Rodriguez stands out among new managers

Florida Marlins manager Edwin Rodriguez is the only one among those in their first or second year of managing who has a winning record. Rodriguez, 50, took over the Marlins on June 23 of last season after Marlins owner Jeff Loria, team president Larry Beinfest and GM Mike Hill relieved Fredi Gonzalez of his duties. Rodriguez went on to lead the Marlins to a 46-46 record the rest of the way and a third-place finish in the National League Eastern division.

Rodriguez, after a thorough managerial search, was given a one-year contract extension through the 2011 season, and the early returns are showing why the Marlins made a wise decision to give him a full season to prove himself.

Rodriguez has been magnificent in the handling of his bullpen, tweaking his lineups, and mixing and matching injured and slumping players, and dealing with holes at third base and in left field (the latter due to an injury to Logan Morrison). As Rodriguez said, “The good thing about this club is the versatility of the players.” My response is this: The good thing about this club is it has a manager who knows how to utilize the versatility of his players.

The Marlins are 21-15 and have the second-best record in the National League, trailing the best team in the league, the Philadelphia Phillies, by just three games. The top three in the rotation -- Josh Johnson, Ricky Nolasco, Anibal Sanchez -- are a combined 8-2, mainly because, unlike last year, the bullpen has been able to hold leads. Closer Leo Nunez is a perfect 12-for-12 in save opportunites, and he credits Gonzalez's belief in him as much as the improved location of his fastball and changeup.

The Marlins are third in the National League in runs scored and fifth in the league in OPS despite Hanley Ramirez's season-long slump, Morrison's stint on the disabled list, a rotation at third base involving Greg Dobbs, Wes Helms and Emilio Bonifacio, and Mike Stanton’s slow April start due to injury.

The pitching staff is sixth in runs allowed and fifth in WHIP, and that’s with the combined ERA of Javier Vazquez and Chris Volstad being north of 6.00. Rodriguez has done a masterful job of mixing and matching his relief pitchers. Mike Dunn, Randy Choate and Brian Sanches all have ERAs under 2.00, while Edward Mujica, Ryan Webb and Clay Hensley have all been effective when healthy in bridging the gap to Nunez. Rodriguez has the knack of knowing the proper matchups to allow his bullpen to maximize success.

When the Marlins lost a few games, Rodriguez tweaked the lineup. Chris Coghlan would move to the second spot in the order and Bonifacio to the leadoff spot. When that didn’t work, Coghlan returned to the top Tuesday night, getting on base, scoring the first run and driving in the winning run against the division rival Phillies. Rodriguez, tweaks, adjusts, and wins.

Rodriguez is getting rave reviews from the players and the front office. Instant respect. Steady hand. He keeps the clubhouse calm. He instills confidence. He makes the Marlins play fundamentally sound baseball. Move the runners over, get them in, one at a time -- unless, of course, Stanton, Gaby Sanchez, Morrison or John Buck go yard.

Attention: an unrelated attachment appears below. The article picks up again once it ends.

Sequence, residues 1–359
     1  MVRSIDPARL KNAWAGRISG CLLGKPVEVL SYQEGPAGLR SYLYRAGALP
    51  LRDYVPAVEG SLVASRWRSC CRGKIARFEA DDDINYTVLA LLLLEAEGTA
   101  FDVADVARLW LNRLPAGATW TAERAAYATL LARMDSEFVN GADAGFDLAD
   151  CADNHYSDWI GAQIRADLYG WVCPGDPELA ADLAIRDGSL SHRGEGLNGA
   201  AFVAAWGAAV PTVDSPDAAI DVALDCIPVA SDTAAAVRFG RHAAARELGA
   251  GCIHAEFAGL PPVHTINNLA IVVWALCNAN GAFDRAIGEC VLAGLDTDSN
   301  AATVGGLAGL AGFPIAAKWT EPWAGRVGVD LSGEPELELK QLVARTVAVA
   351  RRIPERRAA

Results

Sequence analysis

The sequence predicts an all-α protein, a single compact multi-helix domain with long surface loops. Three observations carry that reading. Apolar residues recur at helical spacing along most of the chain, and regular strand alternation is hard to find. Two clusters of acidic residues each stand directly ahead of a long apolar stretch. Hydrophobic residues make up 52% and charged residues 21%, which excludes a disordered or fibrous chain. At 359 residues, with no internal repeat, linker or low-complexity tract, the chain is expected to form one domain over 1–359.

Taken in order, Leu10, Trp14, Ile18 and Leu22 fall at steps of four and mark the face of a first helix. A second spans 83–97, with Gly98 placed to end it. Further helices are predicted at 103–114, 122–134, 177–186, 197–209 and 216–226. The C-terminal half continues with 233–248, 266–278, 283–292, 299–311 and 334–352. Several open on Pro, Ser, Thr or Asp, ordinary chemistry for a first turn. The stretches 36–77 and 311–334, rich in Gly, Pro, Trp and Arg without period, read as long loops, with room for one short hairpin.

Rodriguez is quickly becoming an early lead candidate for National League Manager of the Year, and the Marlins' front office has to be thinking about a contract extension for one of baseball's bright new managers.

There are six other active major league managers who are either in their first or second year of managing at the big league level. Here is the complete breakdown:

Mattingly is getting high marks in his managerial rookie season. His experience as a player and coach with the Yankees has helped him do a tremendous job in not allowing the ownership situation to affect his clubhouse, keeping the players away from the controversies. He has handled the pitching staff, allowing Clayton Kershaw and Chad Billingsley to pitch deep into games, and dealt with the ineffectiveness and elbow injury to Jonathan Broxton. His wisdom to delegate authority to his coaching staff and lean on Rick Honeycut for pitching advice has paid off. Allowing Jerry Sands to develop at the major league level and helping James Loney get through a season-long slump without him losing confidence has been remarkable. Adjusting his infield at second, shortstop and third due to injuries to Rafael Furcal, Casey Blake and Juan Uribe has been challenging, but he’s found a way. Mattingly is a born leader, has a bright baseball mind, and -- when his team is good enough -- will be winning at Chavez Revine.

Gibson has brought an old-school mentality back to baseball. His managerial style mirrors his playing days -- play the game hard, play the game right, or get out of my way. His players told me Gibson's spring training camp was more of a “military camp” then a normal baseball spring training experience. His players were there early and worked on fundamentals as much as any team in baseball.

Kelly Johnson, the Diamondbacks' second baseman, told me this week that Gibson demands that the game is played right. Johnson said the club works hard on the small details of the game, such as first-and-third bunt plays, hitting the cutoff man, holding runners, and slide-stepping. The fundamentals are drilled into the players, and they are carried out. That's the way the Diamondbacks play baseball. For Gibson's team, it's not a suggestion, but a way of life.

The Diamondbacks are a much-improved team from a year ago. The strikeouts have been cut down, the bullpen is better, and most importantly, because of Kirk Gibson, they’re becoming a fundamentally strong team. Gibson, like Rodriguez and Mattingly, has quickly embraced his new career as a major league manager.

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